Recently there have been some challenges when I have tried to arrange for interments in some local cemeteries. Let me explain this to you:
Lets say my grandfather bought 10 plots in a cemetery and put them in his name…his intention being that two would be for himself and his wife and two for each of his four children and their spouses…
If my grandmother died first, my grandfather could grant permission for his wife to be interred in one of the graves because he owned them.
If my grandfather died second, he would have the right to be interred in one of the graves because he owned the graves.
Unless my grandfather designated the use of the remaining graves to specific individuals, then the use of them can only be determined by whoever was entitled to receive the residue of his estate. In any will you might leave your car to somebody and your house to somebody and then the residue of the estate (the collection of everything else in the estate) gets left to someone or in some cases, a number of beneficiaries.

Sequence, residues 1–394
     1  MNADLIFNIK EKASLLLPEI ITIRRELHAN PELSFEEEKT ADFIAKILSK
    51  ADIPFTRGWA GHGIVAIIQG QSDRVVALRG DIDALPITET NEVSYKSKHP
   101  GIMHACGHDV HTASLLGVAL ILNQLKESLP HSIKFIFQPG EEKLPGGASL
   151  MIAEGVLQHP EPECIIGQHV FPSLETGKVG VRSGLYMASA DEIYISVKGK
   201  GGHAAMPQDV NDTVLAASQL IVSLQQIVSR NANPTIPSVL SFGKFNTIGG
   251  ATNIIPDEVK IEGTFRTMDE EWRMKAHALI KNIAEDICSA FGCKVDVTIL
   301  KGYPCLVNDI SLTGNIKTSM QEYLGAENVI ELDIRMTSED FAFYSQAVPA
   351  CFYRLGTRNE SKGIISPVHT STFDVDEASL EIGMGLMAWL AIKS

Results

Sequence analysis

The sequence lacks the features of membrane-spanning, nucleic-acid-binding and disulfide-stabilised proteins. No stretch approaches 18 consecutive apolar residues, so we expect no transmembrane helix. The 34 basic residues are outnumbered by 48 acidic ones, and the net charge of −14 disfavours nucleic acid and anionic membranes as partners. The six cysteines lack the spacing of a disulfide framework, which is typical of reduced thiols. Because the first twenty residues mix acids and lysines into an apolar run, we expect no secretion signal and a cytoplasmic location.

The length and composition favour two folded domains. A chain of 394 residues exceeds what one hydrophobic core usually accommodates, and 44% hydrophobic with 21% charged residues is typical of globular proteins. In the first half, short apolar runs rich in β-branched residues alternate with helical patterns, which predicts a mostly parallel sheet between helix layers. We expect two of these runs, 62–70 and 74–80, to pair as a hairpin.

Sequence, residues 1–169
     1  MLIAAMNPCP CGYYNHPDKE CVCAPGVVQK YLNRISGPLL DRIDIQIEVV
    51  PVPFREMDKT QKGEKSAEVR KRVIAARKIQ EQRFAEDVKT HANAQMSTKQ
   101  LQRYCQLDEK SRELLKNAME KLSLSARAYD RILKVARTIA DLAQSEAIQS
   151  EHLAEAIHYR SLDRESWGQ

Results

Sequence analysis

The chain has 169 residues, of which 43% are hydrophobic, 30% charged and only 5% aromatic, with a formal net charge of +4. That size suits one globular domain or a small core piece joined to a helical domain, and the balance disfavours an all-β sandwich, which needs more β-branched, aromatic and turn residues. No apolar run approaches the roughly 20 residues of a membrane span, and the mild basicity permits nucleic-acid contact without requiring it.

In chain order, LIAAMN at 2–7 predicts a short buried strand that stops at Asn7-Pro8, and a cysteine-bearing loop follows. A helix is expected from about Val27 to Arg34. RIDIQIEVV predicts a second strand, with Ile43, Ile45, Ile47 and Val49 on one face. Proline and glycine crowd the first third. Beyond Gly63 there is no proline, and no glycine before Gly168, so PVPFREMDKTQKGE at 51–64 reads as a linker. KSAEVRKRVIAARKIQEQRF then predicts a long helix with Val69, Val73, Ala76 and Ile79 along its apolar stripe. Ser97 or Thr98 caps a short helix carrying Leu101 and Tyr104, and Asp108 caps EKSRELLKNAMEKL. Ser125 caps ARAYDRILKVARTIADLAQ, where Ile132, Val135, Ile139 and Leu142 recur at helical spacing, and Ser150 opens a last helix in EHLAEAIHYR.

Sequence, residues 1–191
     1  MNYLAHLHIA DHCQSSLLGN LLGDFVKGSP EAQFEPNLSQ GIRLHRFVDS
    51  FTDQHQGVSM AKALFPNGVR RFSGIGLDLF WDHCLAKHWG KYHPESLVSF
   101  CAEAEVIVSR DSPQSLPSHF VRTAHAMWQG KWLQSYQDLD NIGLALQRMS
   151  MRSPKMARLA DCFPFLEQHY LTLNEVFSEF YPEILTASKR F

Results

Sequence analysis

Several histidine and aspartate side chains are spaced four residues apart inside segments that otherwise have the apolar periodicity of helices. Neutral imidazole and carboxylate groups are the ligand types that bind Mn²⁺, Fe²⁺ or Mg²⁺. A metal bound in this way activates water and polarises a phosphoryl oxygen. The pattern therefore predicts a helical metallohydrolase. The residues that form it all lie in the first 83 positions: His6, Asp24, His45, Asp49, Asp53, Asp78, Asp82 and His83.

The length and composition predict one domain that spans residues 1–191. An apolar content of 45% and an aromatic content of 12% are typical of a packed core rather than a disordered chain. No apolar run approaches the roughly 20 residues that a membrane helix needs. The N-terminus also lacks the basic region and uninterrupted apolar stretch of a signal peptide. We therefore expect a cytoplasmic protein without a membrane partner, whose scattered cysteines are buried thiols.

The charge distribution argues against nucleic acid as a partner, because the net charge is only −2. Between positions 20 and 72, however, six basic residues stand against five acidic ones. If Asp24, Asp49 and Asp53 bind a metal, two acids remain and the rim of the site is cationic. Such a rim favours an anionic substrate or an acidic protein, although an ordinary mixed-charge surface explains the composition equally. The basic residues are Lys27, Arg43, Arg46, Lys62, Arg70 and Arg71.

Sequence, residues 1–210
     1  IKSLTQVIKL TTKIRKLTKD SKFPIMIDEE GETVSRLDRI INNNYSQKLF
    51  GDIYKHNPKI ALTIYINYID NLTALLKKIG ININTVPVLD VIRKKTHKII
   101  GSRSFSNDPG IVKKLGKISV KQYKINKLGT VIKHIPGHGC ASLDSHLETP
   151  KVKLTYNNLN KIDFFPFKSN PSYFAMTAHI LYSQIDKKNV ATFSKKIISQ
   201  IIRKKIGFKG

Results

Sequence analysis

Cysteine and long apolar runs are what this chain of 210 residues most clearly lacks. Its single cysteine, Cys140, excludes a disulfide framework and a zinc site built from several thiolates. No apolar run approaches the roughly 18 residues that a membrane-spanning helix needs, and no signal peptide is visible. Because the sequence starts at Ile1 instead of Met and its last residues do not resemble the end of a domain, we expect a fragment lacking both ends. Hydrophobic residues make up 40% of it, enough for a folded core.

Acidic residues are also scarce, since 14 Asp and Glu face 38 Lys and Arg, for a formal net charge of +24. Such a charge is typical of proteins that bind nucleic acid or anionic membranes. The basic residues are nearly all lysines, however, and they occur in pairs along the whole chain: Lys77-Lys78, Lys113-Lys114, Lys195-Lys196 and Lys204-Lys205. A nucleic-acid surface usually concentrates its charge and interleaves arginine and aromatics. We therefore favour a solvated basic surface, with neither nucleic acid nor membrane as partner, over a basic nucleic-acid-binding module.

Let’s say that in my grandfathers will it said that the residue of his estate was to be divided between his four children…now the use of those remaining graves will have to be agreed on by all four of his children. So if one of the childrens spouses died and the intent was that he/she would be interred in one of the remaining graves, the four of my grandfathers children would have to sign a form stating that they give permission for that person to use a grave. However…
Before the four children can sign a form stating that they give permission, they may be required to get an affidavit from a lawyer stating that in accordance to estate laws, they are in fact the people who are authorized to sign the form.
Let me ask you this…what do you think is going to happen if someone dies late Thursday and the family wants to have an interment on Monday? Do you think that you would be able to find your grandfathers will and get an affidavit all within a very few hours?
A lot of this can be avoided with some advance planning…for more information, don’t hesitate to call.